See separate page for this data. Sample contaminated with fuel oil. Not Tested pH and temperature of samples taken in lab. Tank low. Coliform taken from sample jar.

Table B2. TPH data, RGF treatment system.

Date 14-Jul-97 21-Jul-97 28-Jul-97 4-Aug-97 18-Aug-97 24-Aug-97 2-Sep-97 8-Sep-97 16-Sep-97 22-Sep-97 29-Sep-97 6-Oct-97 Source Stored Stored Stored Stored Stored Stored Stored Stored Stored Stored Stored Stored TPH (ppm) 0.6 <0.5 1.4 2,263 8.4 7.1 2.8 1.9 84.7 21.6 5.8 <1.0

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Table B3. PAH data, RGF treatment system.

Date Source Naphthalene Acenaphthylene Acenaphthane Fluorene Phenanthrene Anthracene Fluoranthene Pyrene Benzo(a)anthracene Chrysene Benzo(b)fluoranthene Benzo(k)fluoranthene Benzo(a)pyrene Dibenzo(a,h)anthracene Indeno(1,2,3-cd)pyrene Benzo(ghi)perylene 14-Jul-97 8-Sep-97 6-Oct-97 Stored <0.5 ppb <0.5 ppb <0.5 ppb <0.5 ppb <0.5 ppb <0.5 ppb <0.5 ppb <0.5 ppb <0.5 ppb <0.5 ppb <0.5 ppb <0.5 ppb <0.5 ppb <0.5 ppb <0.5 ppb <0.5 ppb Stored <0.5 ppb <0.5 ppb <0.5 ppb <0.5 ppb <0.5 ppb <0.5 ppb <0.5 ppb <0.5 ppb <0.5 ppb <0.5 ppb <0.5 ppb <0.5 ppb <0.5 ppb <0.5 ppb <0.5 ppb <0.5 ppb Stored <0.5 ppb <0.5 ppb <0.5 ppb <0.5 ppb <0.5 ppb <0.5 ppb <0.5 ppb <0.5 ppb <0.5 ppb <0.5 ppb <0.5 ppb <0.5 ppb <0.5 ppb <0.5 ppb <0.5 ppb <0.5 ppb

Table B4. Metals analysis, RGF treatment system.

Date 14-Jul-97 21-Jul-97 8-Sep-97 6-Oct-97 Source Stored Stored Stored Stored Copper (Cu) <0.10 <0.10 0.19 <0.01 Cadmium (Cd) <0.10 <0.10 <0.10 <0.10 Lead (Pb) <0.10 <0.10 <0.10 <0.10 Nickel (Ni) <0.10 <0.10 <0.10 <0.10 Chromium (Cr) <0.10 <0.10 <0.10 <0.10 Zinc (Zn) 0.17 0.13 <0.10 <0.10 Silver (Ag) <0.10 <0.10 <0.10 <0.10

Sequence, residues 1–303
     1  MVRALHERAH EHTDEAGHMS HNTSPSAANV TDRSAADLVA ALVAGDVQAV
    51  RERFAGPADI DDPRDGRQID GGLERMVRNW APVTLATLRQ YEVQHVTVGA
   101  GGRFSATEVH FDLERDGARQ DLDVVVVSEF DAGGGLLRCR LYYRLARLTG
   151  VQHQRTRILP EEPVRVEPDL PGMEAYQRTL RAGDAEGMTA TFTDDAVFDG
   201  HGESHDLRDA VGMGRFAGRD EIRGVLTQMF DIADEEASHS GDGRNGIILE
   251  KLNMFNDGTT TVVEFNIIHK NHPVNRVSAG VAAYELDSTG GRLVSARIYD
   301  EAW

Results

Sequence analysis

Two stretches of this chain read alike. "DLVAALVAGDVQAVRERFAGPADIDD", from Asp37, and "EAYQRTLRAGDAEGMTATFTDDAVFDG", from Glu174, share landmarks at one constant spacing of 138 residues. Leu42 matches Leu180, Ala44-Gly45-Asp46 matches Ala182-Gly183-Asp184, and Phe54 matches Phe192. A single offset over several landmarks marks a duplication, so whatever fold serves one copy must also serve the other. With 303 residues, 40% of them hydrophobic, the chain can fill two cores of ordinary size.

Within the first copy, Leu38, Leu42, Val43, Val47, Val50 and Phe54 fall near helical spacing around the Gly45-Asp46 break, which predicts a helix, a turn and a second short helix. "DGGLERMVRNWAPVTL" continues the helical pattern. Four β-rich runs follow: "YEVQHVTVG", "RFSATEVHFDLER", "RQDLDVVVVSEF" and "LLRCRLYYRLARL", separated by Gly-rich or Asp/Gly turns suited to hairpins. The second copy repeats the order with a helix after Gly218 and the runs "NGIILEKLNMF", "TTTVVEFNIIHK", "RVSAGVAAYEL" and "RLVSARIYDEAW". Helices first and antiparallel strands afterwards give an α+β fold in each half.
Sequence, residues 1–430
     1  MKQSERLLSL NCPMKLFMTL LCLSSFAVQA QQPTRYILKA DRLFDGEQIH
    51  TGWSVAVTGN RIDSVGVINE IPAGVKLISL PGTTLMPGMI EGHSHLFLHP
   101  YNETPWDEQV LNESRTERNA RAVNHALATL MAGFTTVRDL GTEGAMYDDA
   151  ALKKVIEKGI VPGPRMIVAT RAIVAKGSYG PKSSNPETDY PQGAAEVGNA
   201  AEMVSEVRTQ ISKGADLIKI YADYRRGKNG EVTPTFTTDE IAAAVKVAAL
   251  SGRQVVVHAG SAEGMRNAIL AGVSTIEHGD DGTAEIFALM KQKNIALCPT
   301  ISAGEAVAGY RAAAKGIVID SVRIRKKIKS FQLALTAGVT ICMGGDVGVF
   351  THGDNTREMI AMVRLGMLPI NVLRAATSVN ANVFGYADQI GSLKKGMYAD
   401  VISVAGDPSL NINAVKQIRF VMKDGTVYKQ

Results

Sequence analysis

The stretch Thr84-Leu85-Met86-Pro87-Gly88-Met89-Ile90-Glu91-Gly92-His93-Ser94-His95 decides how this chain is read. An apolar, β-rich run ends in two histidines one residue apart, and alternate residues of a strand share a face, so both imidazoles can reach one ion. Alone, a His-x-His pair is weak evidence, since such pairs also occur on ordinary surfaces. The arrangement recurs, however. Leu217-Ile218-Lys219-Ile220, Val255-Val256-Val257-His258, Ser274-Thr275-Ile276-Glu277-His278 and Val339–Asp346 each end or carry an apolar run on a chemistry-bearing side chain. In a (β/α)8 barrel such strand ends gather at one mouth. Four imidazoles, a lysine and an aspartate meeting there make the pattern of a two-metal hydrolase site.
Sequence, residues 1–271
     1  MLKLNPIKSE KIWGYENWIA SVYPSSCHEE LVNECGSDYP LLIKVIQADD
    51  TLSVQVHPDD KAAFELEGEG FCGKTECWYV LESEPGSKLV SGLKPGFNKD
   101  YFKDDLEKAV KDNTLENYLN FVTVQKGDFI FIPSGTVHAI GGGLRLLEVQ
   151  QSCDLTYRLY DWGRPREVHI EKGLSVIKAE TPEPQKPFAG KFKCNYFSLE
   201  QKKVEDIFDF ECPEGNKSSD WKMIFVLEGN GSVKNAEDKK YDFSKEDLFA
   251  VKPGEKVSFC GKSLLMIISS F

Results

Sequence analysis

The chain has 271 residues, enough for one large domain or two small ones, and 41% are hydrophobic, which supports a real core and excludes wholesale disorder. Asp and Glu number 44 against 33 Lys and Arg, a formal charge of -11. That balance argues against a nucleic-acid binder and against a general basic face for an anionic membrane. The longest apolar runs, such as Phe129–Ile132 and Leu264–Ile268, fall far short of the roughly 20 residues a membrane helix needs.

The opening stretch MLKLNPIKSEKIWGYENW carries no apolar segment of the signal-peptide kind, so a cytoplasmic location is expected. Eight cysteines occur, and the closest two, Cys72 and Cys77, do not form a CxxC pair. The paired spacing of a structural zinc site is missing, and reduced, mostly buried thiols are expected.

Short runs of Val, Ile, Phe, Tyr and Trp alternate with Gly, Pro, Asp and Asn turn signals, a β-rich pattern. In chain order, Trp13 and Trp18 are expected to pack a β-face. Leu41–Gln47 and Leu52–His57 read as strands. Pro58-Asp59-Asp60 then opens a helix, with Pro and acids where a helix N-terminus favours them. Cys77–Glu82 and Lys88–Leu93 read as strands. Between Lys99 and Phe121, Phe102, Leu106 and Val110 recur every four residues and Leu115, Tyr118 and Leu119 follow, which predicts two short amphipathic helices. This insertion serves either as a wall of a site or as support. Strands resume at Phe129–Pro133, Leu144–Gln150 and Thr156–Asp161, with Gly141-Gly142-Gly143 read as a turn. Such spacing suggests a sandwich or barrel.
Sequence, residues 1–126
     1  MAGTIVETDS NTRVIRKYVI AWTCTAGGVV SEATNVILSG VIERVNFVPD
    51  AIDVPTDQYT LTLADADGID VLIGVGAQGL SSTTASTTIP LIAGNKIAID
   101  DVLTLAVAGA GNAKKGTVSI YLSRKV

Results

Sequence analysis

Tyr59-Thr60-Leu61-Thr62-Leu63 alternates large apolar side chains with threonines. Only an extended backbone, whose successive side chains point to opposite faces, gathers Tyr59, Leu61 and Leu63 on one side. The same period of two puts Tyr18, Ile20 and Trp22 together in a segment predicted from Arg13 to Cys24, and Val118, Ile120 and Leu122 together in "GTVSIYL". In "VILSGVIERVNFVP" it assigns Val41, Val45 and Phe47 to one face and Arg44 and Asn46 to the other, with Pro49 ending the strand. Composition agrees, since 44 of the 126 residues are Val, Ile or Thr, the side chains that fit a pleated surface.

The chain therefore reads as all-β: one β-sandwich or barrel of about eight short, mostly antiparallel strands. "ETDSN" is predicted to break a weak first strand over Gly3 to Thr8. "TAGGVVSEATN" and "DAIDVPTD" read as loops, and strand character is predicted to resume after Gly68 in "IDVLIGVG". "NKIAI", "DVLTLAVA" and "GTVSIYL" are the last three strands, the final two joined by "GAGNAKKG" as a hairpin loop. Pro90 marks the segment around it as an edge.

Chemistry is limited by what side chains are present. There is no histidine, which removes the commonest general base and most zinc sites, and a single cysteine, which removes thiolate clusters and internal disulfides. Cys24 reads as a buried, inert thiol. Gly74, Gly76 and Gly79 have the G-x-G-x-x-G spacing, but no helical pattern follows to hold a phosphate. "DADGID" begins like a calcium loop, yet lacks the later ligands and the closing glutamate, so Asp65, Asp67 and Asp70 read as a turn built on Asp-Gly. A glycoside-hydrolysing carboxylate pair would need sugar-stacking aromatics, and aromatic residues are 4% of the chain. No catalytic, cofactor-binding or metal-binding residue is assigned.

Table B5. Ethylene glycol data, LANDA treatment system.

Date 2-Dec-96 29-Dec-96 27-Jan-97 25-Mar-97 Source Ethylene Glycol Stored Stored Stored Stored 58 mg/l <1.0 mg/l 500 mg/l 13 mg/l

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47

Table B6. Alkalinity data, RGF treatment system.

Total Alkalinity Date 14-Jul-97 21-Jul-97 28-Jul-97 4-Aug-97 18-Aug-97 25-Aug-97 2-Sep-97 8-Sep-97 16-Sep-97 22-Sep-97 29-Sep-97 6-Oct-97 Source Stored Stored Stored Stored Stored Stored Stored Stored Stored Stored Stored Stored

mg/l CaCO3

42 51 72 116 66 73 155 193 110 167 158 154

pH 7.00 7.09 6.90 6.88 6.57 6.80 7.65 7.29 7.13 7.22 6.90 7.3

250 Total Alkalinity 200

150

100

50

0

Da te 14 -J ul21 97 -J ul28 97 -J ul4- 97 Au g 18 -97 -A ug 25 -97 -A ug -9 7 2Se p8- 97 Se p 16 -97 -S ep 22 -97 -S ep 29 -97 -S ep -9 6- 7 O ct97

Figure B1. Alkalinity data, RGF treatment system (corresponds to data listed in Table B5).

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Table B7. Hardness data, RGF treatment system.

Sample Date 14-Jul-97 21-Jul-97 28-Jul-97 4-Aug-97 18-Aug-97 25-Aug-97 2-Sep-97 8-Sep-97 16-Sep-97 22-Sep-97 29-Sep-97 6-Oct-97 Sample Hardness Calcium Magnesium Source mg/L CaCO3 mg/L mg/L Stored 63.2 14.70 6.40 Stored 64.0 18.22 4.49 Stored 102.0 29.37 6.97 Stored 165.0 46.05 12.22 Stored 72.0 21.57 4.48 Stored 83.0 25.23 4.86 Stored 112.0 35.24 5.83 Stored 98.0 7.93 4.81 Stored 90.3 27.1 5.51 Stored 116.9 37.6 5.90 Stored 106.2 33.4 5.54 Stored 116.4 34.3 7.45

180 160 140 120 Hardness 100 80 60 40 20 0 7/14/97 7/21/97 7/28/97 8/11/97 8/18/97 8/25/97 9/15/97 9/22/97 9/29/97 10/6/97 8/4/97 9/1/97 9/8/97

Date

Figure B2. Hardness vs. Time, RGF treatment system (corresponds to data listed in Table B6).

Table B8. General chemical analysis data, LANDA treatment system.